Google Demands a 2.25% Cut of Every iPhone Sale

In an attempt to get back part of the $12.5 billion it is spending to acquire Motorola Mobility, the search giant sent a letter to the Institute of Electrical and Electronics Engineers (IEEE) looking for a maximum 2.25% cut of sales for using Motorola’s technology in their phones, including Apple’s iPhone.

The search giant sent this letter to IEEE on Wednesday that outlines company’s position on Motorola patents if and when the supposed acquisition is finalized. The execution could reportedly happen next week. The most noticeable was the search giant’s firmness over continuing to enforce a 2.25% fee on iPhones based on model’s using Motorola patents.

iPhone 4S Google Demands a 2.25% Cut of Every iPhone Sale

The search giant’s standpoint appears about two weeks after Motorola Mobility filed a lawsuit against Apple blaming the company of infringing on its technology patents. Motorola filed its complaint in a Florida federal court, regarding patents for the iPhone 4S and Apple’s iCloud service.

When it comes to patents, these are a major issue for the search giant and probably an essential impulsion for the Motorola Mobility acquisition. The bid came at the crucial time after a public argument last summer between Google, Apple and Microsoft over the patents’ rights.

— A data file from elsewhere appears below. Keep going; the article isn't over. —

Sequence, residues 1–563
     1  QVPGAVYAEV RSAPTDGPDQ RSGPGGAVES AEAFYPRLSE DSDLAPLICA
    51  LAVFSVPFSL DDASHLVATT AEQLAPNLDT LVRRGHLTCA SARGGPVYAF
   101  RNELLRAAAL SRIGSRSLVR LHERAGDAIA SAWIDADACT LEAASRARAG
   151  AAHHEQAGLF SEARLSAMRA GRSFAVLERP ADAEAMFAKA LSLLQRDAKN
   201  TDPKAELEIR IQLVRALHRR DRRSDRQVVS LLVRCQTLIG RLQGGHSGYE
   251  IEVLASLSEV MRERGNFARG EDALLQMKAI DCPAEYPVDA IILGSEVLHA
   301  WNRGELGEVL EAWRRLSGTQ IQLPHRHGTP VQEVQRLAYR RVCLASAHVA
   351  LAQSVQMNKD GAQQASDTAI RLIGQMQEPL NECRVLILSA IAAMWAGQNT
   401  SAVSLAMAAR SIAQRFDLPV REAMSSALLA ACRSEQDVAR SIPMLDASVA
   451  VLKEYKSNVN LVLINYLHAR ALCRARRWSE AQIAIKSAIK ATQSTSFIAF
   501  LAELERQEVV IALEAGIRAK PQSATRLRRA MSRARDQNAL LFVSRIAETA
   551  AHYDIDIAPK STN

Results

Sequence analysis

On its official blog, the search giant raised the issue of patent in August last year to kvetch regarding an “organized campaign by Oracle, Apple and other companies, waged through bogus patents.” Google’s Senior Vice President and Chief Legal Officer, David Drummond, went on accusing Apple and Microsoft for being “in bed together” in a try to harm Google’s business through patent claims.

Apple, however, remained the most prominent figure in the skirmish, while Microsoft’s General Counsel Brad Smith began with Twitter to indicate that the Redmond-based software giant had invited Google to jointly bid on patents from Novell. Frank X. Shaw, the software giant’s lead of corporate communications, also posted a letter from Kent Walker, however, Google’s general counsel, rejecting Microsoft’s invitation concerning the Novell patents.

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